Five stories we're watching -

Five stories we’re watching

The Maclean’s Ottawa looks back at the week with a nod to the news to come


The political workweek of Sept. 24-28 generated five stories with sequels and endings and next chapters that we look forward to reading (and writing):

  1. The outcry over Public Works Minister Rona Ambrose’s surprise vote in favour of a Tory backbenchers’s motion to study when life begins might have been the sort of story flares briefly and is soon forgotten. After all, even though Ambrose also has cabinet responsibility for the status of women, her vote in the House for a study, which would have reopened elements of the abortion debate, didn’t have much practical impact: the motion was easily defeated. Full stop? Maybe not. For starters, another Conservative MP plans to table a motion condemning sex-selection abortion, a matter on which Ambrose expresses deep concern. She’s been praised for her handling of shipbuilding contracts, trusted by Prime Minister Stephen Harper sort out the F-35 fiasco, but will she become a political liability for reasons that have nothing to do with her core files?
  2. Tough criticism from Jim Prentice—the former Harper cabinet heavyweight, turned CIBC financial executive—on how the Conservatives have failed to properly engage First Nations on Enbridge’s Northern Gateway pipeline is another story with political implications. Prentice is pro-pipeline, but argues the government puts it at risk by ignoring landmark court rulings that leave Ottawa no choice but to fully consult with natives where such developments affect their traditional territory. The story matters not least because Prentice’s critique has the potential to shift blame, should Gateway stall,  from the groups that oppose the pipeline to a government that failed to devise and implement the right strategy for pushing it to fruition.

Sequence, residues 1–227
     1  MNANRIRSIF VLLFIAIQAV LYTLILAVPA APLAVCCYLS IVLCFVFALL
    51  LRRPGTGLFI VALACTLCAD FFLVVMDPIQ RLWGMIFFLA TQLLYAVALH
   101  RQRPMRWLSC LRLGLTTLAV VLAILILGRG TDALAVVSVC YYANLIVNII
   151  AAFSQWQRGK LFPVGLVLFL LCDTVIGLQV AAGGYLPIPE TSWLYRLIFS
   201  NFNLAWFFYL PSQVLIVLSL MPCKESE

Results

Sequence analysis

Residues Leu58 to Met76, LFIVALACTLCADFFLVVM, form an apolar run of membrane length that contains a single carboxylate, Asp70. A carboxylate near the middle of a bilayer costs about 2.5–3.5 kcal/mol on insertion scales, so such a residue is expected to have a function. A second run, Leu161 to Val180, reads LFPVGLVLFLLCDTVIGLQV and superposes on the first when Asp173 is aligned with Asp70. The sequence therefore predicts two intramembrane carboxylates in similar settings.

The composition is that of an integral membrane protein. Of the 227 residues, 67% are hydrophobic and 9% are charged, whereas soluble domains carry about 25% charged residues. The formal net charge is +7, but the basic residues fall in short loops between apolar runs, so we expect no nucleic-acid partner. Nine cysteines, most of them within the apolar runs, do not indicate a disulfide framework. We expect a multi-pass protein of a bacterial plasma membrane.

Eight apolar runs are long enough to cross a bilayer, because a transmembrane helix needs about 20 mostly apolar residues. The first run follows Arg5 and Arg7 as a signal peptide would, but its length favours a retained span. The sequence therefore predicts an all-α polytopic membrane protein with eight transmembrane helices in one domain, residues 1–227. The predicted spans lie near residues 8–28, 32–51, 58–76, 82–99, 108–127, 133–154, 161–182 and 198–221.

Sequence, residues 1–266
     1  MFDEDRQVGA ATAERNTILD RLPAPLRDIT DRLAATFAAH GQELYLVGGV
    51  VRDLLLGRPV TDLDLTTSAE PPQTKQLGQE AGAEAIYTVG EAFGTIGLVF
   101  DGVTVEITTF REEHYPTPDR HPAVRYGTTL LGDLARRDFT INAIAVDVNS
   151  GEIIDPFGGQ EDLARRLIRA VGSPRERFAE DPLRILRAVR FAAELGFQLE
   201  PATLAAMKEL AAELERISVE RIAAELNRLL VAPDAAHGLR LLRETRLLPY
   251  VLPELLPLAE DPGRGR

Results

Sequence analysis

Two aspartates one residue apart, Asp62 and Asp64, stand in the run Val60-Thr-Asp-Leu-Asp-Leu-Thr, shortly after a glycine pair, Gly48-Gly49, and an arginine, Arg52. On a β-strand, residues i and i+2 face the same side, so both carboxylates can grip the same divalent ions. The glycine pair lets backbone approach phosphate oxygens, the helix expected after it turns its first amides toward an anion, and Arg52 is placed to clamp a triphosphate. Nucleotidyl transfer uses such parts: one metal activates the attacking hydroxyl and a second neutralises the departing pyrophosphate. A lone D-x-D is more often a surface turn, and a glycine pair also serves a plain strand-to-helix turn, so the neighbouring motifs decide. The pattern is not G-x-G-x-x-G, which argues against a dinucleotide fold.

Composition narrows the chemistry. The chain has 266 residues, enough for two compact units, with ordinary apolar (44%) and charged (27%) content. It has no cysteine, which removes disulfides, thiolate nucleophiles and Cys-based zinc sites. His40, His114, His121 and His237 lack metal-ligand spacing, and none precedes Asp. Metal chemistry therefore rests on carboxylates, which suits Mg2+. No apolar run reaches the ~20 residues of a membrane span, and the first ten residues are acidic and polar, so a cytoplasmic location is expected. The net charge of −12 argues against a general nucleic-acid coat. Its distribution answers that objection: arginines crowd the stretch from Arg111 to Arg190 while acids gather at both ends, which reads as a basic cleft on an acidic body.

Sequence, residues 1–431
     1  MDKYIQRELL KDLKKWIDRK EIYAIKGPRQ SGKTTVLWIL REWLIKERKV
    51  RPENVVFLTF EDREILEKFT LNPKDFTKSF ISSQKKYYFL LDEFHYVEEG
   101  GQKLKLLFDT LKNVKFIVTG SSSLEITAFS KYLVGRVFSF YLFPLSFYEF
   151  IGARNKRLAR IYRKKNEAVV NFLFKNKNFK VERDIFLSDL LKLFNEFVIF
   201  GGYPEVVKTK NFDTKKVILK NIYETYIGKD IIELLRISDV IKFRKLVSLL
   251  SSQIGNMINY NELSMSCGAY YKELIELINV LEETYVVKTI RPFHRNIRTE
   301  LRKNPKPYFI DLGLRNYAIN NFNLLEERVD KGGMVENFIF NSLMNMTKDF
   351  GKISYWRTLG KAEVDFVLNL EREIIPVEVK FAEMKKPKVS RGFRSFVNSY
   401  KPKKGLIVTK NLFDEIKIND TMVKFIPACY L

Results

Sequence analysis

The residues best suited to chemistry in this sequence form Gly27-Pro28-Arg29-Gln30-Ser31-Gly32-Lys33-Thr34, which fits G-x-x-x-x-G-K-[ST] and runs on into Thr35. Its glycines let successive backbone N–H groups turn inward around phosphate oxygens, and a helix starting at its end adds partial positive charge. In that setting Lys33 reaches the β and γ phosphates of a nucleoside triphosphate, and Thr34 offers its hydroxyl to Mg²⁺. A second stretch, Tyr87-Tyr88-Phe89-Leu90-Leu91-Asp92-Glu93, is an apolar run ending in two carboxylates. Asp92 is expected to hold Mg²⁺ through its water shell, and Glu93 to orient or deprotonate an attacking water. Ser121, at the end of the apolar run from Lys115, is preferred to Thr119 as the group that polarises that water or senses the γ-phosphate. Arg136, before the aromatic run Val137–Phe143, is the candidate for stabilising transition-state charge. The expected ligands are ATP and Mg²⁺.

3. News reports and columnist commentary about the possibility that Bank of Canada Governor Mark Carney might—just might—be oh-so-cautiously considering a bid for the Liberal Party of Canada leadership fall squarely under the heading of speculation. Yet this story is important even if it turns out there’s not much to it. Excitement at the very notion of Carney’s entry reminds us of the long tradition of what’s sometimes called the “business” or “blue” side of the Liberal party. Blue Liberal standard-bearers have ranged in recent decades from John Turner to John Manley. But with Justin Trudeau—a left-leaning, youth-oriented, alien-to-Bay-Street candidate—dominating the party’s leadership buzz, where is a champion of this other historic Liberal stream?
  4. Carney made headlines earlier this month by lashing out in surprisingly blunt terms at the notion that high oil prices push up the Canadian dollar and thus hurt manufacturing exports—the “Dutch disease” argument now indelibly associated with NDP Leader Thomas Mulcair. But Mulcair, addressing a Toronto business audience, tried to shift the focus of the argument—touting the benefits a new east-west pipeline to pump Albertan oil sands crude to Ontario and Quebec. How this goes over is worth watching as an intriguing indicator of Mulcair’s determination not to be caricatured as an anti-commodities, anti-Western politician, who doesn’t get how resource wealth fits in the Canadian economic mix. His pipeline proposal gives him something to propose when Tories accuse him of opposing the very things that most reliably generate wealth in much of this country.
  5. Since being appointed Parliamentary Budget Officer in the spring of 2008, Kevin Page has made a valuable nuisance of himself toward federal politicians, on files from deficit forecasts to jet fighter costs. But can his knack for prodding decision-makers and opinion-leaders to think harder about complicated files extend outside official Ottawa? In a report this past week, he honed in on the growing fiscal challenges facing provinces and municipalities, even as federal deficit dangers ease. Page flags serious problems, especially as an aging population puts upward pressure on health spending. He’s not the only analyst pointing out that threat, of course, but he brings a particular independent credibility to the conversation. The question is whether his voice can matter beyond, say, the range of the Peace Tower Carillon.